Exposing the Darkness—(Re)Lighting the Way: Cyberbullying as a Religious Educational Issue in a Catechetical Context

Jodi Hunt, Fordham University


When there is a lack of relationships formed properly, bullying becomes the primary means of how children and teens relate to one another and for some, they only know how to exist by relating to others through violence. Additionally, religious educational environments that neglect to acknowledge the existence of healthy relationships of self, God, community, etc. and the consequences thereof (e.g., bullying) miss opportunities to restore the broken relationships and turn students away from using violent responses (especially traditional bullying and cyberbullying) as a means to relate to others. With this in mind, this research study opens a conversation in religious education about cyberbullying as well as a discussion as to how the catechetical context can form meaningful ways of responding to the crisis of cyberbullying. Specifically, the thesis of this research study will show that cyberbullying is: 1) a socio-moral issue, 2) a religious issue, and 3) a religious educational issue within a catechetical context. In the process, this research study will explore and discuss digital citizenry, discipleship, and the dignity of the human person as key concepts to employ in answering the two central questions proposed above. Moreover, through the use of traditional Catholic teaching, modern social studies, and storytelling, this study will contribute to the field of religious education in that it will show how religious educators in a catechetical setting can respond better to cyberbullying among their students as well as guide them in establishing healthy relationships with one another, a feat of which would encourage a prevention of cyberbullying.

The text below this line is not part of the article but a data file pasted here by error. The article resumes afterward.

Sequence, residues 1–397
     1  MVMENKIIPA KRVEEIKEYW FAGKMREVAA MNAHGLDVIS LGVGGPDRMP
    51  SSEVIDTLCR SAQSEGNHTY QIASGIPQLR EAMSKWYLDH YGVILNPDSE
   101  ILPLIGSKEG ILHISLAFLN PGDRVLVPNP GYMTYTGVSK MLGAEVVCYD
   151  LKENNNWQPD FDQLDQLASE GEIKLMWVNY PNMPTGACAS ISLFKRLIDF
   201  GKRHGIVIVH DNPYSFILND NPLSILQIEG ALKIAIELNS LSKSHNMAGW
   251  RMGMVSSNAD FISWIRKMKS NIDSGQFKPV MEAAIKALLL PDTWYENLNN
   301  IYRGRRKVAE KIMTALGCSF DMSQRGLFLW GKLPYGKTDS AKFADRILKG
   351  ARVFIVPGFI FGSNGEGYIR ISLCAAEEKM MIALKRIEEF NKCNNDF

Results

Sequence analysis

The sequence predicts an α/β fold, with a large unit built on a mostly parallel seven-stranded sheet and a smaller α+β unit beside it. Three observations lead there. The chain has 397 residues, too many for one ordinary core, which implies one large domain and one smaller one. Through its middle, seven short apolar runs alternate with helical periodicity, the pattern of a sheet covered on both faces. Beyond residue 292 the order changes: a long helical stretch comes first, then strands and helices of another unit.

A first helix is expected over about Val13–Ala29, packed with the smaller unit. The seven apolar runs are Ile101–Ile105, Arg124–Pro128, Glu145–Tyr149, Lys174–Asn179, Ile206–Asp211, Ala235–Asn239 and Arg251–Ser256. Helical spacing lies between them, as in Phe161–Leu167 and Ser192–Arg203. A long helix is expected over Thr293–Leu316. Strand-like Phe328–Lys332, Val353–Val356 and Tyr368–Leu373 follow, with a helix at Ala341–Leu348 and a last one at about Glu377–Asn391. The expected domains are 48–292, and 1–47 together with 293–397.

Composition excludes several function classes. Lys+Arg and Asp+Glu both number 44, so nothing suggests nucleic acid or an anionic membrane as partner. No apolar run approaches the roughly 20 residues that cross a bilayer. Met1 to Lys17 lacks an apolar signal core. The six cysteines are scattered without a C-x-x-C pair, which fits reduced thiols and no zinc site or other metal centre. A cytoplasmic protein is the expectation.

Subject Area

Theology|Religious education|Multimedia Communications

Recommended Citation

Hunt, Jodi, "Exposing the Darkness—(Re)Lighting the Way: Cyberbullying as a Religious Educational Issue in a Catechetical Context" (2017). ETD Collection for Fordham University. AAI10233163.